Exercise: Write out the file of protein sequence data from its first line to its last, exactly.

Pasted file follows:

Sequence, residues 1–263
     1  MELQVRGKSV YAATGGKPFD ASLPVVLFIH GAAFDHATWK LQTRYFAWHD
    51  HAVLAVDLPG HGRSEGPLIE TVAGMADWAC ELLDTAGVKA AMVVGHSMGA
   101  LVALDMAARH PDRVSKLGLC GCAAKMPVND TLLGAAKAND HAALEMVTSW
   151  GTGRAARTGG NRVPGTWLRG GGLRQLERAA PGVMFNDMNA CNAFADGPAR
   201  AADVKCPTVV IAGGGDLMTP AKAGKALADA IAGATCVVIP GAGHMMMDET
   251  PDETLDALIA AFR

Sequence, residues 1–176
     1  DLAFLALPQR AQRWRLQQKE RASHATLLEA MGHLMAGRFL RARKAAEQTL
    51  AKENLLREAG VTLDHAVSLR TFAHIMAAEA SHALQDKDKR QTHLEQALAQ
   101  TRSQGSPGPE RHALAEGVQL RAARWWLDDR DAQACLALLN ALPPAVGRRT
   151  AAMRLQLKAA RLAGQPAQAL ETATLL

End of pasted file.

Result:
Sequence, residues 1–263
     1  MELQVRGKSV YAATGGKPFD ASLPVVLFIH GAAFDHATWK LQTRYFAWHD
    51  HAVLAVDLPG HGRSEGPLIE TVAGMADWAC ELLDTAGVKA AMVVGHSMGA
   101  LVALDMAARH PDRVSKLGLC GCAAKMPVND TLLGAAKAND HAALEMVTSW
   151  GTGRAARTGG NRVPGTWLRG GGLRQLERAA PGVMFNDMNA CNAFADGPAR
   201  AADVKCPTVV IAGGGDLMTP AKAGKALADA IAGATCVVIP GAGHMMMDET
   251  PDETLDALIA AFR

Sequence, residues 1–176
     1  DLAFLALPQR AQRWRLQQKE RASHATLLEA MGHLMAGRFL RARKAAEQTL
    51  AKENLLREAG VTLDHAVSLR TFAHIMAAEA SHALQDKDKR QTHLEQALAQ
   101  TRSQGSPGPE RHALAEGVQL RAARWWLDDR DAQACLALLN ALPPAVGRRT
   151  AAMRLQLKAA RLAGQPAQAL ETATLL